In the present study, we demonstrate that riboflavin, as a photosensitizer, damaged the corneal endothelium’s integrity and function under UVA irradiation. The barrier integrity and pump efficiency of the corneal endothelium after combined riboflavin/UVA treatment were destroyed in comparison with the same dose of UVA treatment alone. The corneal endothelium’s barrier and pump activities are critical for maintaining corneal transparency [34, 35]. Our results revealed a correlation between variations in these characteristics and CXL-induced edema. In the CXL-0.54 J/cm2 group, the corneal endothelium’s tight junction and pump activities were recovered to almost the same extent as those in the non-CXL groups, and the transparency of the cornea was also restored by day 14. This reversal indicates that the corneal endothelial function underwent time-dependent recovery. In contrast, the recovery of the CXL-1.08 J/cm2 group was incomplete after 14 days. In a previous study, the cytotoxic radiation level following combined riboflavin/UVA treatment was approximately 10 times lower than that after UVA treatment alone since riboflavin enhances the cytotoxic effect caused by the oxidation of UVA light owing to the increase in UVA absorption [4]. After riboflavin treatment, the absorption of UVA in the cornea increased to 95%, while that without riboflavin reached only 25–35% [36]. Pitts et al. [37] discovered corneal endothelial cell injury in pigmented rabbits following a relatively high surface UVA dose of 42.5 J/cm2 in the absence of a photosensitizing agent. Our relatively low cytotoxic UVA surface dose of 0.54 J/cm2 can be paraphrased by the multiplying effect on UVA absorption by riboflavin [38]. However, UVB-induced endothelial cell loss can be found at a lower dosage level of 0.47 J/cm2 in rabbit corneas due to the shorter wavelength of UVB and accordingly higher energy content [39].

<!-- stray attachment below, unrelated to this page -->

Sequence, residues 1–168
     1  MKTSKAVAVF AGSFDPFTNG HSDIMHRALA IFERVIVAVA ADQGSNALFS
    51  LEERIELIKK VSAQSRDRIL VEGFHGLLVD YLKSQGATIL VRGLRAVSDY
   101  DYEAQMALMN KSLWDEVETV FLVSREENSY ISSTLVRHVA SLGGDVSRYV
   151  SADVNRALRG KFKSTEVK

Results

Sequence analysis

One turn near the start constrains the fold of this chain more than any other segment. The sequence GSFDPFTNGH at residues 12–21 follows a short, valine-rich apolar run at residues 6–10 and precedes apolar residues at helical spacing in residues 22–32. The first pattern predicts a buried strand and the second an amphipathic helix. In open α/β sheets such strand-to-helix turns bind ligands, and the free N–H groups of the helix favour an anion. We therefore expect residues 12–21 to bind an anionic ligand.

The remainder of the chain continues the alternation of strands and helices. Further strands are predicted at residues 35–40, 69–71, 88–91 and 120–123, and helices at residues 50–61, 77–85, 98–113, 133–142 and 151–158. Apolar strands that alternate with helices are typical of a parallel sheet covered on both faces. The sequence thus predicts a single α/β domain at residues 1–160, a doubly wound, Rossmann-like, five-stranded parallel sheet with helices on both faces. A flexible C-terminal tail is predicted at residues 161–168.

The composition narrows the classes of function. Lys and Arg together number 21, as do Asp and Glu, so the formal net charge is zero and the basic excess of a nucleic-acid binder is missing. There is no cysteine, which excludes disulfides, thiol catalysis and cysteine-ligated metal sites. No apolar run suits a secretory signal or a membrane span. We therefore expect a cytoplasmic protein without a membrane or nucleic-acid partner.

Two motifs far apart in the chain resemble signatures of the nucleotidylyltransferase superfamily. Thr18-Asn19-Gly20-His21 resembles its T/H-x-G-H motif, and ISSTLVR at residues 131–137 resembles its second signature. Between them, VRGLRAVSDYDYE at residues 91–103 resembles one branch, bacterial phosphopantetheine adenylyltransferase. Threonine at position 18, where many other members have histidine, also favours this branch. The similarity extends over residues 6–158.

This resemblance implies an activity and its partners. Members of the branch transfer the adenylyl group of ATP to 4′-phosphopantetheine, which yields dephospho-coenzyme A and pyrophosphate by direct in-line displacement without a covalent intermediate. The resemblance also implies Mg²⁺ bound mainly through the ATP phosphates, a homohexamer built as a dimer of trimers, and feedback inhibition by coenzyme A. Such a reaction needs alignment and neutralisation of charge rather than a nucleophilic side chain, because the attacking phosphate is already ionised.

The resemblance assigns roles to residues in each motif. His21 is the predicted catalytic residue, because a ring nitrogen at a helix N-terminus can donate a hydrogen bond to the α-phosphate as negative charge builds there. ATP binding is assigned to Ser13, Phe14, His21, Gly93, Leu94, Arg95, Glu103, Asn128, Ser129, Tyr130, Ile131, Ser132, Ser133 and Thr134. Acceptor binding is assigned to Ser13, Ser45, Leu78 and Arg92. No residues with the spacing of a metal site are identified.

We found that in vivo treatment with riboflavin and UVA caused oxidative DNA damage in endothelial cells. Riboflavin induced increased expression of γ-H2AX and 8-OHdG under UVA irradiation, the extent of which was dependent on the dose of UVA, but this upregulated expression did not occur following treatment with either riboflavin or UVA alone. Reactive oxygen species (ROS), for example, singlet oxygen produced by CXL, are biologically toxic [40]. Excessive ROS levels cause rapid oxidative damage to proteins, cell membranes, mitochondria, and/or nuclear DNA [41]; thus, this can explain why we found corneal endothelial cell DNA damage following combined treatment with riboflavin and UVA. In contrast, UVB is directly absorbed by DNA, especially aromatic heterocyclic bases, which absorb chromophores efficiently, with maximal absorption occurring between 260 and 280 nm [42]. The endothelial layer is more susceptible to the redox imbalance caused by UVA; therefore, changes in the macromolecules of endothelial cells during corneal crosslinking require further study. For example, oxidative damage to cellular components and modification of redox-active proteins are essential for understanding the molecular basis of the oxidative reaction of endothelial damage induced by corneal crosslinking. In comparison with the same dose of UVA or riboflavin treatment alone, UVA combined with riboflavin caused corneal endothelial cell DNA damage, disrupted the tight junction and pump functions of the endothelium, and further induced corneal edema and increased corneal thickness. This suggests that riboflavin is phototoxic to the endothelium during CXL treatment of thin corneas and loses its protective effect at the endothelial level; thus, new crosslinking agents with lower corneal toxicity are required.